By Tracy-Gene G. Durkin & Benedict L. Hanrahan
It has long been possible to use both trade dress and design patent rights to protect three-dimensional designs that function as trademarks. One strategy has been to rely on design patent protection while a three-dimensional mark is acquiring the secondary meaning necessary to register and enforce trade dress rights. The Federal Circuit’s recent decision in Apple Inc. v. Samsung Electronics Co. suggests that consumer product companies may want to adopt this two part approach more often because it may be easier to challenge trade dress rights than design patents on the basis of functionality.
Apple sued Samsung in April 2011 for trade dress dilution and patent infringement of trade dress and design patents that cover similar features of Apple’s iPhone smartphone including the design details in each of the sixteen icons on the iPhone’s home screen and, separately, the front face and bezel of the iPhone. The district court ruled in favor of Apple for both trade dress dilution and design patent infringement. Samsung appealed the decision to the Federal Circuit, which upheld the design patent infringement ruling but reversed the trade dress dilution ruling finding that the asserted trade dress was functional and therefore not protectable.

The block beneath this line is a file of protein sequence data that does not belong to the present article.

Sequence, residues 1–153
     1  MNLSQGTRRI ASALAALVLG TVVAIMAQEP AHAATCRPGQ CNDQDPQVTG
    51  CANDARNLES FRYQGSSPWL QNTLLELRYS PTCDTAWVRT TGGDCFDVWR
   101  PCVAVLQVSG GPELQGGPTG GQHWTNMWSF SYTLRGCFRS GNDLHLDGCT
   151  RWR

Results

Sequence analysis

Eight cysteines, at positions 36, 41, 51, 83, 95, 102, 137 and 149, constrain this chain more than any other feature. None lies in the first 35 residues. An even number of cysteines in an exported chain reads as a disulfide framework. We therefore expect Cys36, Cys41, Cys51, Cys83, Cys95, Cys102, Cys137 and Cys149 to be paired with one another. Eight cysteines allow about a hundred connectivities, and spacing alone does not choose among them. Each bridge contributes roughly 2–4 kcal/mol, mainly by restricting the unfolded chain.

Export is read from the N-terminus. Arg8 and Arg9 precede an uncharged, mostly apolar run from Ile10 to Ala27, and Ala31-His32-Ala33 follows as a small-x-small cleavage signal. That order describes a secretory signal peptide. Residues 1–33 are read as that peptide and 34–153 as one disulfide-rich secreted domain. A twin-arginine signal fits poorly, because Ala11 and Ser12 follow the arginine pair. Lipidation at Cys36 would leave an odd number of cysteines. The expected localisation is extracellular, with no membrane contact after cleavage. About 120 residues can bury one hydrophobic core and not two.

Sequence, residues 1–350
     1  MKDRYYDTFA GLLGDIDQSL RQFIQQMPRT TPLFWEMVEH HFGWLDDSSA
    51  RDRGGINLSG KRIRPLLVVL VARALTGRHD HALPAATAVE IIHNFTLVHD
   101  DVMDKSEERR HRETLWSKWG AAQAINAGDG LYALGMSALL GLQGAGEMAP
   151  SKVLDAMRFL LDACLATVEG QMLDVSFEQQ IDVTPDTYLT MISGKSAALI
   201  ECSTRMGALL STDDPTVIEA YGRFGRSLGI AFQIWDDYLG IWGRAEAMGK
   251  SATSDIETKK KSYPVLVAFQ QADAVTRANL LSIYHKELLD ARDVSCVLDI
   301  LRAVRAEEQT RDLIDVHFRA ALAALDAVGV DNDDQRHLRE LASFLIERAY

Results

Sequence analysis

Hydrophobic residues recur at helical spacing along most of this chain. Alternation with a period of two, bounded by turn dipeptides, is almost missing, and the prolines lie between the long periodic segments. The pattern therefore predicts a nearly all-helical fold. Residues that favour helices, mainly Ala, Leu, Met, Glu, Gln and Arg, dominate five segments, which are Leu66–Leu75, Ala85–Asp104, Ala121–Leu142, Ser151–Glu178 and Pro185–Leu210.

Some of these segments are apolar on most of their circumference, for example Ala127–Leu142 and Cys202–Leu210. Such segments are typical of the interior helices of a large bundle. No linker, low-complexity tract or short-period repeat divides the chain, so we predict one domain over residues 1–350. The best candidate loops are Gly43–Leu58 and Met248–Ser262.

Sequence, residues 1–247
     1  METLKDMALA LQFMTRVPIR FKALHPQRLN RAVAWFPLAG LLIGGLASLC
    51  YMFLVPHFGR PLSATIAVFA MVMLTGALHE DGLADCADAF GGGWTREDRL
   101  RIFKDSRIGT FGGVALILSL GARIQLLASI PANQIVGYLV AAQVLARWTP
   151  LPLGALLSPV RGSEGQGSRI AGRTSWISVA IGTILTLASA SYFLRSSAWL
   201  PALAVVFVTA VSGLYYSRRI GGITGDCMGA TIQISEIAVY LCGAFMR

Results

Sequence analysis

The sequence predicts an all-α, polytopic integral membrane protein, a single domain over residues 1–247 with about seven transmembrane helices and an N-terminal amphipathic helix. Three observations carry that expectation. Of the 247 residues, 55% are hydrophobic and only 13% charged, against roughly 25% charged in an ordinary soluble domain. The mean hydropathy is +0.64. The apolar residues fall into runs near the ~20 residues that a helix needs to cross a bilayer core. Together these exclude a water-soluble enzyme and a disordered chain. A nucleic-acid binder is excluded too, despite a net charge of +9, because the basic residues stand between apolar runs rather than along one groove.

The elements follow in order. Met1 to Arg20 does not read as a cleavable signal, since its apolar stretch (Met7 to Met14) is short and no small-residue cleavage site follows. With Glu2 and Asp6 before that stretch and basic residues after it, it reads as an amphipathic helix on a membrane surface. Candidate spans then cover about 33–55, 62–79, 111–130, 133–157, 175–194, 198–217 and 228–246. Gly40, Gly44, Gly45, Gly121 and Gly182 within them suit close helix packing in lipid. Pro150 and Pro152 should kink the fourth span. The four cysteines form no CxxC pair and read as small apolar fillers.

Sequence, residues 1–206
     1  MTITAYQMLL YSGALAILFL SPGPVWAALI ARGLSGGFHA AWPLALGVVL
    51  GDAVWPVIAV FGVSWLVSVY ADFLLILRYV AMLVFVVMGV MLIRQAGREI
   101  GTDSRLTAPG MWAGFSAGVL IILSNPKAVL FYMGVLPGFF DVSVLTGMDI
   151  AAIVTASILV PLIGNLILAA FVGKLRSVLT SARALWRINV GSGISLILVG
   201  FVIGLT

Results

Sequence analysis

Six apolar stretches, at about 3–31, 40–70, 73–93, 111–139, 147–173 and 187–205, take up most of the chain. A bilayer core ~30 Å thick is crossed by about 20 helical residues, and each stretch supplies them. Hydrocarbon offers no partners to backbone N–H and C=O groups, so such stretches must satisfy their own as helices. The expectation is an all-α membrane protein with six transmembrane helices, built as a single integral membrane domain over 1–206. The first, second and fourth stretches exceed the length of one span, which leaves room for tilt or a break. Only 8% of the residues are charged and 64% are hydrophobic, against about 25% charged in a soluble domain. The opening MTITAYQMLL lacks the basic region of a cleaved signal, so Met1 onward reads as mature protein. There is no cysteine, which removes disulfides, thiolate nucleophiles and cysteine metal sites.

According to the Federal Circuit, trade dress is intended to protect source identification and not to provide a perpetual monopoly on a product’s functional features. In the context of trade dress, a feature is functional and not protectable if it has some utilitarian advantage or affects the cost or quality of the product. Because Apple’s asserted registered and common law trade dress covered features of the iPhone that improved its quality and usability, the Federal Circuit held that the trade dress was not protectable. In contrast, a design patent may cover ornamental aspects of a product feature, even if that feature is functional.
Thus, for product configuration, it is worthwhile to consider obtaining design patent protection in addition to trade dress, especially where the product configuration provides some utilitarian advantage. Keep in mind that design patents should be applied for before a product is publically introduced in order to obtain the widest scope of protection globally.
This article appeared in the July 2015 issue of MarkIt to Market. To view our past issues, as well as other firm newsletters, please click here.